According to the reports, the board held that the woman in advertising is over 18, and is dressed up in a fashion that is prevalent or fashionable among young women for summer.
Further, it ruled out that consumption of this style of lollipop is now frequent among young women. Many groups including the Australian Childhood Foundation had expressed deep anguish over the advertisement campaign.
On the other hand, the company has described its campaign as a tongue in cheek, a kitschy and over-exaggerated portrayal of classic denim poses. Following is the preview of entire campaign.
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A church billboard, which questions Christ’s conception, created controversy in New Zealand, and beyond. The billboard, by Auckland’s St Matthew-in-the-City Church, shows Joseph looking down dejectedly and Mary looking sad.
The equally controversial caption reads- ‘Poor Joseph. God is a hard act to follow.’
Soon after the advertisers erected this billboard, there were many controversies surrounding the disrespectable tone of it. Within six hours of going up, critics of the ad had vandalized it.
But the church authorities, who claim that this billboard is intended to stir debate about the true aim of Christmas, resurrected the billboard.
AIDS campaign makes Saddam, Stalin, and Hitler turn in their graves
This print campaign makes Saddam, Stalin, and Hitler turn in their graves in the name of AIDS awareness campaign. These sexually explicit, and to some extent repugnant images, left many people red-faced.
When WWF made an insensitive comparison
WWF (World Wildlife Fund) is very popular for its innovative and impactful advertisements. However, it made a comparison between 9/11 and the 2004 Indian Ocean tsunami through this ad created by DDB Brasil. The ad said- The tsunami killed 100 times more people than 9/11.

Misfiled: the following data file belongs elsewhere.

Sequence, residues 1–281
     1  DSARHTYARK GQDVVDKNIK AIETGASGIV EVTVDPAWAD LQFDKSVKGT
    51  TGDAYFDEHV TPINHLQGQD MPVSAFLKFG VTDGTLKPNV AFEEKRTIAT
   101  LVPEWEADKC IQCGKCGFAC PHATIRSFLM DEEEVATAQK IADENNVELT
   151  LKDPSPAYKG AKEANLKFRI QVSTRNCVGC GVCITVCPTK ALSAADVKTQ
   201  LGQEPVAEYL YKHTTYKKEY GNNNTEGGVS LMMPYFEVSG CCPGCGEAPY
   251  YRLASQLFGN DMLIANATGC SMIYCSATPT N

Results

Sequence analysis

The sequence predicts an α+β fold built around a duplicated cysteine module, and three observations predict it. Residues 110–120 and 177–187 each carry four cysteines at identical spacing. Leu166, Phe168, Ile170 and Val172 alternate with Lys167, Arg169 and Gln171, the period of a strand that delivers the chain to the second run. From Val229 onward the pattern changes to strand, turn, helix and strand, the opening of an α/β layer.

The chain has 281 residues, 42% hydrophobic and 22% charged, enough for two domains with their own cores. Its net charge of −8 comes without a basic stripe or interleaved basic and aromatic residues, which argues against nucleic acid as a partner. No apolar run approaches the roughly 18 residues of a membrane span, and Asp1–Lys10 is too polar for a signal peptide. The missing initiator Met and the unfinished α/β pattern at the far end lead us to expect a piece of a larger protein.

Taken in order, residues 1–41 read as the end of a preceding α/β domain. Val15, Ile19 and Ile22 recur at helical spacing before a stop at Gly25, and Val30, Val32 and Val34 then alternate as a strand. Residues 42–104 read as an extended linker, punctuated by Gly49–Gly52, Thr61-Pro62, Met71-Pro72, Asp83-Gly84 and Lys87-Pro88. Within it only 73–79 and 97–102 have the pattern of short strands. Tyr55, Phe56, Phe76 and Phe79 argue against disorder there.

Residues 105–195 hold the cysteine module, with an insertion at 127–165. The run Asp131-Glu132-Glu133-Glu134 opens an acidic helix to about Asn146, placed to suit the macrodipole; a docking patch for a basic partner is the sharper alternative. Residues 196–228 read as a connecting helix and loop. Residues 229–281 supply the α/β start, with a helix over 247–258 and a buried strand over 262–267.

The ad instantly created strong protest from many quarters because of its insensitive comparison.
This beaver is not that beaver
This commercial for Kotex featured a woman who describes her daily activities, with a beaver in tow. She tells the viewers- You only have one of them, so look after it.
But ‘beaver’ was actually a euphemism for female genitals.
‘Well, at least he drives a Prius’.
Effective, but disturbing?
This is a controversial ad as part of the anti-smoking campaign- Quit Victoria. However, one noticeable fact is the advertising team had not deliberately cooked up the controversy. The ad, which featured a young child, separated from its parent, starts crying. Many parents found the ad disturbing.
Where the bloody hell are you?
OK, let us be informal. If you are my friend, I mean, a damn good friend, ok it’s not a problem hearing this question. But this question made the Brits red faced because of its inappropriate language.
Look, this post card is not acceptable
Look, a movie by Adam Rifkin, tried to reveal some disturbing facts about video surveillance cameras and their omnipotence in our everyday life. But, one of the postcards with scenes from the movie has already created a disturbance.